San Marcos CISD board approves 1% pay increase for teachers

San Marcos CISD board of trustees approved pay increases for faculty and staff for the upcoming school year, at a May 18 meeting. (Evelin Garcia/ Community Impact Newspaper)
San Marcos CISD board of trustees approved pay increases for faculty and staff for the upcoming school year at a May 18 meeting. (Evelin Garcia/ Community Impact Newspaper)

San Marcos CISD board of trustees approved pay increases for faculty and staff for the upcoming school year at a May 18 meeting. (Evelin Garcia/ Community Impact Newspaper)

After a lively debate among members of the San Marcos CISD Board of Trustees, a 1% raise for teachers was approved for the upcoming school year.

Board members approved a 1% raise for teachers along with a 1% pay increase for administrators and a $0.50 raise for hourly employees at a May 18 meeting.

The raises will cost the school district about $844,000 and will leave a dent of about $1.14 million in deficit for the budget in the works, according to James Barton, interim assistant superintendent of business and support services at SMCISD.

Barton told board of trustees members that it was a staff recommendation to put a freeze on a general pay increase given the “uncertainty” and the “unknown” state of not only next year’s budget, but also the biennium.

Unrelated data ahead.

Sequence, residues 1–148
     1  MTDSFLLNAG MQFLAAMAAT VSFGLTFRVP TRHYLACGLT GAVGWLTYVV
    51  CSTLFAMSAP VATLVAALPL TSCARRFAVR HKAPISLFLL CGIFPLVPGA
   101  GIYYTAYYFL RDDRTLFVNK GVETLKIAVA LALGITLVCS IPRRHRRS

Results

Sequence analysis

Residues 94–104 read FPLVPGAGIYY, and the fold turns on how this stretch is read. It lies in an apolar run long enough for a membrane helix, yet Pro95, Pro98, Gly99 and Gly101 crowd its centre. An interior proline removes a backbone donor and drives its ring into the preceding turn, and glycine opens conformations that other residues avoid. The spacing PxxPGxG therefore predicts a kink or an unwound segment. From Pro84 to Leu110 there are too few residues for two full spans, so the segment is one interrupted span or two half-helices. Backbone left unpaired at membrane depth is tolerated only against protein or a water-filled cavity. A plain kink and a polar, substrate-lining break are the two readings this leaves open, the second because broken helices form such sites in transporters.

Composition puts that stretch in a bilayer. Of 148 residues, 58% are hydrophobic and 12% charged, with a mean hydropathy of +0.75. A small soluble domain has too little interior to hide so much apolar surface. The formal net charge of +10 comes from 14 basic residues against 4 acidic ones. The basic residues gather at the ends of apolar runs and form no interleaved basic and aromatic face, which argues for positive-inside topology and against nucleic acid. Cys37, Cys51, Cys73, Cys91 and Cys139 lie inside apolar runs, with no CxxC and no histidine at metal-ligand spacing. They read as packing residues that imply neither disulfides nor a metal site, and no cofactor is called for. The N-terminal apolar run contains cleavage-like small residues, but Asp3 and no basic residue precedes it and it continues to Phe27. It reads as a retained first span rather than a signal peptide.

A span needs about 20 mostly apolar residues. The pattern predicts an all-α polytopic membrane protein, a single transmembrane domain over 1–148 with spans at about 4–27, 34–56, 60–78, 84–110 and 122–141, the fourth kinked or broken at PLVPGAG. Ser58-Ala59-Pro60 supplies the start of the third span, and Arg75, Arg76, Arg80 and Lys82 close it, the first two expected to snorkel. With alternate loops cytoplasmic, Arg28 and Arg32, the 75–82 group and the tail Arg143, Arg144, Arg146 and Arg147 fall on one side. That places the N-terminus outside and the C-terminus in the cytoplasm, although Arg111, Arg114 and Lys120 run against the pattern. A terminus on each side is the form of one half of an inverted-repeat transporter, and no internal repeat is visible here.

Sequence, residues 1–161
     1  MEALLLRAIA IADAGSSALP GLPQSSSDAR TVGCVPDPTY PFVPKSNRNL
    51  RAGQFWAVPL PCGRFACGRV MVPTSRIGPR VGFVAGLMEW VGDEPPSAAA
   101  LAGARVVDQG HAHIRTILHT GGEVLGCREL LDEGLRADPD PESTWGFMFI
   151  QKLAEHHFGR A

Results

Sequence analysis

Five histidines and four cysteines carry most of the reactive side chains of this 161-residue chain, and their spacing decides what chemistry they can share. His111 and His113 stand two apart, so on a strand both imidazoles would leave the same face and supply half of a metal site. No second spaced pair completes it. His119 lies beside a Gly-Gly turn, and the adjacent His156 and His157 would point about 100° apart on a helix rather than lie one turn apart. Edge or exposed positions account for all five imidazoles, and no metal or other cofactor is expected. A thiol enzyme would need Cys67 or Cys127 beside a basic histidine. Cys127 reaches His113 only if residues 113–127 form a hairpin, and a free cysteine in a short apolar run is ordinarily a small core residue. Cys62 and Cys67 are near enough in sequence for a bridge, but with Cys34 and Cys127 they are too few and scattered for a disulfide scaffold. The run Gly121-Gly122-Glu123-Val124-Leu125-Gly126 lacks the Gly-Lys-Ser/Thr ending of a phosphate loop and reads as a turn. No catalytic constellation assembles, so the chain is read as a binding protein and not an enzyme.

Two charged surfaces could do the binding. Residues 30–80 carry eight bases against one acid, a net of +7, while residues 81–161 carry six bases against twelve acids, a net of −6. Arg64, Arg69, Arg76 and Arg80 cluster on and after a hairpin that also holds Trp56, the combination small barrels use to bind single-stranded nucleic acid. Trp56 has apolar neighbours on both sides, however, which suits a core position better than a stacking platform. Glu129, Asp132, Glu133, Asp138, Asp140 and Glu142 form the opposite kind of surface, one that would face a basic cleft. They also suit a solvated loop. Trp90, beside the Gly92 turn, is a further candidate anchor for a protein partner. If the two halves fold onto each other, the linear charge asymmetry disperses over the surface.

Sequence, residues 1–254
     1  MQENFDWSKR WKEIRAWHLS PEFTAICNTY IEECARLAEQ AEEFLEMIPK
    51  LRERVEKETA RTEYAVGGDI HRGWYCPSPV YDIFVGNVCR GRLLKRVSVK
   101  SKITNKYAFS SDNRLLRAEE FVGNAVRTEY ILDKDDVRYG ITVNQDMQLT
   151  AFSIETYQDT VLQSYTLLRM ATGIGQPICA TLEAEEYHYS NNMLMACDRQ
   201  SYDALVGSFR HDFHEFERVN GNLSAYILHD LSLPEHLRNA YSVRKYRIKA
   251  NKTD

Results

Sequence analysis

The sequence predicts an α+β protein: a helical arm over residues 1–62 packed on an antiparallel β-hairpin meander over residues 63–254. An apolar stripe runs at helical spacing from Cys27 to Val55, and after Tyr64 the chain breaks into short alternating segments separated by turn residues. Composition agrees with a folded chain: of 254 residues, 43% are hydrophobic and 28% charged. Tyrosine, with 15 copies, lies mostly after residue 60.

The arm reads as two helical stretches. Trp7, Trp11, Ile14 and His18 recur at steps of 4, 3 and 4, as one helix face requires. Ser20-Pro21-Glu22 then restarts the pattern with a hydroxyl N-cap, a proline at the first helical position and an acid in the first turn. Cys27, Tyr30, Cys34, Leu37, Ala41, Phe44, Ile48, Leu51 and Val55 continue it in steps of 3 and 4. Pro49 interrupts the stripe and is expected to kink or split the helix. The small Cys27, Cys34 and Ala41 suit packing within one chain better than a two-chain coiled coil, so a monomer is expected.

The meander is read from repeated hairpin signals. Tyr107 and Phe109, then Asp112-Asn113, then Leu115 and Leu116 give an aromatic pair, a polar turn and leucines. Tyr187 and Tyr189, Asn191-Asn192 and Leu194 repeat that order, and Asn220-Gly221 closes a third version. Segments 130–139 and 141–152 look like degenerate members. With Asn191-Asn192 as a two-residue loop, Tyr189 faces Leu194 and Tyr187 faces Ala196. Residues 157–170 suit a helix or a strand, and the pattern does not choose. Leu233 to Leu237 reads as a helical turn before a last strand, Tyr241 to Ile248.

After debating for almost an hour, board members approved the pay increase by a 4-3 vote.

“We’re heading into an unknown but we’re not heading off to a know cliff yet; and if next year’s budget may be awful, we might be in so much red that we won’t have the luxury to do this. I understand that it’s a recurring cost but 1% is reasonable in my estimation,” school board president John McGlothlin said before voting in favor for the general pay increase.

Trustee Lupe Costilla along with other board members thought differently. She said a one-time stipend of up to $1,000 would be more valuable to teachers instead of a 1% raise.

“I’m here to support teachers but it’s going to impact our budget for next year," Costilla said when arguing against the pay increase. "I did find out what that 1% would be, and over a nine or 12-month period of time there’s really not much of an increase that the employee is getting."

By Evelin Garcia
Evelin Garcia covers local government, education, business and development as the reporter of Community Impact Newspaper's San Marcos/Buda/Kyle edition. Evelin is a graduate of Texas State University's School of Journalism and Mass Communication with a minor in international studies.


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